Richard Louis Pratt, 39, who was critically injured Sunday when the biplane he was piloting crashed in a school athletic field in Baltimore, died of his injuries Monday at the University of Maryland Shock Trauma unit in Baltimore.

His nine-year-old daughter Jewell was killed in the crash.

Police said witnesses reported that Mr. Pratt was apparently trying to guide his aircraft to an emergency landing on the school athletic field, which was empty, after the plane's propeller flew off in flight. Instead, the plane crashed into trees at the end of the field.

Mr. Pratt lived in Laurel and was the president of Advance International Inc., an advertising agency he established there six years ago.

He was born in Troy, N.Y., and earned a bachelor's degree and a master's degree in music from American University. He played guitar, piano and violin. He taught music in D.C. public schools and was a professional musician in this area before starting his advertising business.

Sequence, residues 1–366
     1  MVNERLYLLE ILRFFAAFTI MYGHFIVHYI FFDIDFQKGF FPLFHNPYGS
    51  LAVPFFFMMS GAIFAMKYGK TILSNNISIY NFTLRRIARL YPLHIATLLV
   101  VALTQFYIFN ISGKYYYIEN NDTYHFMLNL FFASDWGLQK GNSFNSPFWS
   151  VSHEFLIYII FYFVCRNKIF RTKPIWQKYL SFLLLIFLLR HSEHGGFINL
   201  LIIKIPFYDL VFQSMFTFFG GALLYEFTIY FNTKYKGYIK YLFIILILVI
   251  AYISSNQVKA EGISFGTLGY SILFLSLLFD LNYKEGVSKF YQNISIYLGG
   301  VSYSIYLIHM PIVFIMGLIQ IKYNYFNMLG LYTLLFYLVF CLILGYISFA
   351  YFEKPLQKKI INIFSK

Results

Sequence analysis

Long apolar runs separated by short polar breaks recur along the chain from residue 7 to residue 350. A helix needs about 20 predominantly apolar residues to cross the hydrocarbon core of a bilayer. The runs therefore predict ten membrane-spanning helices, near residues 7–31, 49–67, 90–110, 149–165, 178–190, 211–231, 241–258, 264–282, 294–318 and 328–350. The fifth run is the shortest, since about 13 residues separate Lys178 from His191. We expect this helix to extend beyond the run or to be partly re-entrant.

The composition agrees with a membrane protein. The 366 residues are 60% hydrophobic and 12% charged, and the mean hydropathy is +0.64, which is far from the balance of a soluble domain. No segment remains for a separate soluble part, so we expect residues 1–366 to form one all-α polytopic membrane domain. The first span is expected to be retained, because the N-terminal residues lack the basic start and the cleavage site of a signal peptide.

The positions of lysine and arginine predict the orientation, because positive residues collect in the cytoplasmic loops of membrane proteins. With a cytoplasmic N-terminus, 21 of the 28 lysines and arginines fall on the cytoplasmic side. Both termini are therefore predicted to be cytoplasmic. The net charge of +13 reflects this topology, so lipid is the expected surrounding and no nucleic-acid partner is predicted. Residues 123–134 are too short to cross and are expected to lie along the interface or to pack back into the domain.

Mr. Pratt also was a chief warrant officer in the D.C. National Guard and conductor of the 257th Army Band.

Survivors include his wife, Jacqueline, and three sons, Richard, Joey and Andrew, all of Laurel; his parents, retired Navy Capt. Richard T. and Bette Pratt of Dublin, N.H.; a brother, J. Madigan, of New York City; three sisters, Mary Beth Sullivan of Greenfield, N.H., Maureen Smith of New Hartford, Conn., and June Clark of New Canaan, Conn., and a grandmother, Bessie Peterhans of West Palm Beach, Fla.